History Lima PERU

Lima: How the Peruvian Capital Acquired Its Current Name

The Oracle of Rimaq

Lima, Capital of Peru. Every Peruvian has heard its name or talked about it. But what is the origin of the name “Lima”?

A popular version goes that ‘Lima‘ comes from Rimac, a river crossing Lima’s jurisdiction. The term was attributed to the ancient natives inhabiting the region. They often heard the noise of the multiple stones streaming in the river. The noise resembled a human voice. Thus, the natives named the river ‘Rimac’, a Quechua term meaning, “The One who Speaks”, or “The Speaker”.

The tale of the ‘Speaking River’ or ‘Rio Hablador‘ is still popular. Many of us heard it in childhood. But truth be told, this version is entirely fallacious. The origin of the name Lima is actually different.

The Ychma Culture: The Oracle of Rimaq

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In the year 1100, a pre-Inca tribe originated in the jurisdiction of Lima: The Ychmas. This culture thrived in the area, and built several temples there. One of those temples, the Huaca Santa Ana, was used to worship their God: Pacha Kamaq. In order to honor their deity, an oracle was placed inside. After elevating their prayers, the deity Pacha Kamaq often spoke to Ychma priests. Accordingly, the Ychmas renamed this oracle as “Rimaq”, the One Who Speaks.

Around 1440, the Ychmas were attacked by a horde of barbarians from the South. These were the Incas. After finally defeating the Ychmas, the Incas denominated their new conquered territory as ‘Rimaq’.

From Rimaq to Limaq


A century later, when the Incas were conquered by Spaniards, the name Rimaq was still widely used. Under Spanish rule, this region became the colonial capital. Quechuas from across the Peruvian territory knew such region as Rimaq. There was a general consensus about it. However, Quechuas living on the Peruvian Coast spoke the language with certain variations. In these coastal regions, people were accustomed to swapping the usual R for an L. At one point, when pronouncing Rimaq, they also swapped the R and said ‘Limaq.’

So, in colonial times, some historians specified that Andean natives called the colonial capital “Rimaq”. But if one traveled to the western coastal regions, everyone there knew their territory as “Limaq”

This linguistic variation not only changed the name of our Peruvian capital. It did the same with other peripheral areas. Instead of ‘Maranga’, the coastal inhabitants called the region Malanga. The region of Surco was called Sulco. And Ratim was called Latim, which centuries later changed to Ate (Vitarte).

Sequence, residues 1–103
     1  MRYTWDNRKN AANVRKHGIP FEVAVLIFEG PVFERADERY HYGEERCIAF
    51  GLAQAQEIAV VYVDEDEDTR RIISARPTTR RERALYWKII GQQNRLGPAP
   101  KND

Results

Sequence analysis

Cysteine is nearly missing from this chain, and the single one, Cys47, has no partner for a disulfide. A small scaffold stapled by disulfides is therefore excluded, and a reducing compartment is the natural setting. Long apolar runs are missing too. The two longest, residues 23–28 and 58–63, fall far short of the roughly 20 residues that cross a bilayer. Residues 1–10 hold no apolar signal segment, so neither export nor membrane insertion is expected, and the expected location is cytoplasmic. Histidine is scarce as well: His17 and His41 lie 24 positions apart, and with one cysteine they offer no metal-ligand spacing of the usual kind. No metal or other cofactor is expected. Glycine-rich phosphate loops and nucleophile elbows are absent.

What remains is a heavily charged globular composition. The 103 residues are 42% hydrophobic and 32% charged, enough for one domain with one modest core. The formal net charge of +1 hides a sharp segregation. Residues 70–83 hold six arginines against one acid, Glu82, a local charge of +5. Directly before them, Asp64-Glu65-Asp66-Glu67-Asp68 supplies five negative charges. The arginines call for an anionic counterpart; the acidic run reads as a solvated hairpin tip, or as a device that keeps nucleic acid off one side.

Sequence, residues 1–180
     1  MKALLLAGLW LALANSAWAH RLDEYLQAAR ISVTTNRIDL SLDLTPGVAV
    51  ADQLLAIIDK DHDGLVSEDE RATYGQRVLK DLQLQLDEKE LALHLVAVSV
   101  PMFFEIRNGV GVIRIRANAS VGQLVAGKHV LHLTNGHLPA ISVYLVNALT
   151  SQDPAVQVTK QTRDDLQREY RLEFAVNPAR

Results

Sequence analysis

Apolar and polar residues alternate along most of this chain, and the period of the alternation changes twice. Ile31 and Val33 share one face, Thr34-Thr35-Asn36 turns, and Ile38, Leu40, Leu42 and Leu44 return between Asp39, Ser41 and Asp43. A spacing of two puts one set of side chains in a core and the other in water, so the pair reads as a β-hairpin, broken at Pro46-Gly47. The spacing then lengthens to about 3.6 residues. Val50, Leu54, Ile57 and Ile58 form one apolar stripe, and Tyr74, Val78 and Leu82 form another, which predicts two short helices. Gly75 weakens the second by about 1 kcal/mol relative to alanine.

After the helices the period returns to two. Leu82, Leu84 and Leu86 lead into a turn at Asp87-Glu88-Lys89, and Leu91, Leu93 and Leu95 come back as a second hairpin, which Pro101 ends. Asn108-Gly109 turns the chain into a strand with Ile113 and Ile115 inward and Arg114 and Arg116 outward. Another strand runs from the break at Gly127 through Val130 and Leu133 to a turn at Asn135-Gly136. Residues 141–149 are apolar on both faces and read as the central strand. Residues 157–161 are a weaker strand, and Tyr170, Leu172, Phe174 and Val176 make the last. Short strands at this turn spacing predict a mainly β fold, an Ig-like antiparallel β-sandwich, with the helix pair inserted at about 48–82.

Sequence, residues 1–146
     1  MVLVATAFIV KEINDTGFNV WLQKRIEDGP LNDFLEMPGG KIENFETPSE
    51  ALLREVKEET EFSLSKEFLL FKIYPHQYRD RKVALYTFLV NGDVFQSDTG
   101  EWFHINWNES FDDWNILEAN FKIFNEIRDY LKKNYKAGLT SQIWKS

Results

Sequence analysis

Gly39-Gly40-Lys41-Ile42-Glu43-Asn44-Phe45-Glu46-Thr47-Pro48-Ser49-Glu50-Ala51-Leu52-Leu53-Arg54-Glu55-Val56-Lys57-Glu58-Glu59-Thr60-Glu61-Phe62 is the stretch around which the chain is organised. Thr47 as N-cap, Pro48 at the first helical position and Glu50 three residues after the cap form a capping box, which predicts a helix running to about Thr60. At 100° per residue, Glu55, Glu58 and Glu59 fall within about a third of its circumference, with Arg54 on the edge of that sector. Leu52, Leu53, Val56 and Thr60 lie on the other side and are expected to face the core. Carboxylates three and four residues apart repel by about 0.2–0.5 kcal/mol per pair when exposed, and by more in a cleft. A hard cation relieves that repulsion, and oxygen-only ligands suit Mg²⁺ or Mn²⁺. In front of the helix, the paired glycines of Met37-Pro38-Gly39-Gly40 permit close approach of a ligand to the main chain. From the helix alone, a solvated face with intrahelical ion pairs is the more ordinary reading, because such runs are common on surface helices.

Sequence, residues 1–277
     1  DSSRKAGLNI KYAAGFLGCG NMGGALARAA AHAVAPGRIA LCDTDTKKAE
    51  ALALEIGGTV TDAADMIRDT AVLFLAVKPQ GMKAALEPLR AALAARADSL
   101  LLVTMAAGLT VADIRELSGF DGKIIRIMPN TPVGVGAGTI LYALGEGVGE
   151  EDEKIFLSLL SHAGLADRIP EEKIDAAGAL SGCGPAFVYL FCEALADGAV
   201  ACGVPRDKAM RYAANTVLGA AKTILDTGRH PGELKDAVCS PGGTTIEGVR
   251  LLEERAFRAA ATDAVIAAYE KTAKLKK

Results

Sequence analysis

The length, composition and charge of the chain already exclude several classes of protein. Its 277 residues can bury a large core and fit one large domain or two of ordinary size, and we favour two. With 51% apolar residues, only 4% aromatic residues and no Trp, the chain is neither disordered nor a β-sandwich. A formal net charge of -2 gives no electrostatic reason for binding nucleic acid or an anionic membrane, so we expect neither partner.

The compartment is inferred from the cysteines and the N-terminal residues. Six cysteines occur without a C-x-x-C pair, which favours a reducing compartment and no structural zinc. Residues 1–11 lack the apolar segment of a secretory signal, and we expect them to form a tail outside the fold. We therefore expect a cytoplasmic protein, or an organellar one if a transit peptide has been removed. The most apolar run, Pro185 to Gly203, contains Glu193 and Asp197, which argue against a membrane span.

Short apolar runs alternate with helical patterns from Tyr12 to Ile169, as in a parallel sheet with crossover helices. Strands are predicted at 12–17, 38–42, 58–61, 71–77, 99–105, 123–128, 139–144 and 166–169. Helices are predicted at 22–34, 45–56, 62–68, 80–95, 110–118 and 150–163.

So, in colonial times, some historians specified that Andean natives called the colonial capital “Rimaq”. But if one traveled to the western coastal regions, everyone there knew their territory as “Limaq”


In colonial manuscripts, Spaniards wrote the name of the capital as Limac. Yet, some colonists began to drop the C, and finally began pronouncing it as we know it today: Lima

What is peculiar is that Spanish authorities did not like the name ‘Lima’. It was considered a simple denomination for the colonial capital of South America. Besides, Lima brought connotations of an Inca heritage, which Spaniards tried to obliterate. So, when conquistador Francisco Pizarro founded the colonial capital on January 18, 1535, he officially dubbed it “The City of Kings”. Clearly, ‘City of Kings’ was too bombastic of a name for residents to use it in their casual talk. People continued using the simpler ‘Lima’ and that is how it prevailed.

However, during official ceremonies or commemorations, Peruvians often say ‘Lima, the City of Kings’.

Where is the Oracle of Rimaq Now? 

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The Huaca Santa Ana, which had the oracle of Rimaq, is no longer extant. The site was demolished in order to erect the hospital “Santa Ana” during colonial times. Under colonial segregation, this hospital only served the indigenous population. The facility had several renovations, until its final demolition in 1922.

The geographical area of the Huaca is now occupied by Plaza Italia, in Barrios Altos. Most historians believe the Huaca itself was exactly located where the Santa Ana Church stands today. This church (with a pink facade) is depicted above.

Despite the information available, the myth that the term ‘Lima’ comes from the River ‘Rimac’ is still widely popular. Only a few know that the Peruvian capital is named after an Oracle erected by the pre-Inca tribe ‘The Ychmas’.

This article is a humble effort to dispel that myth.𝔖

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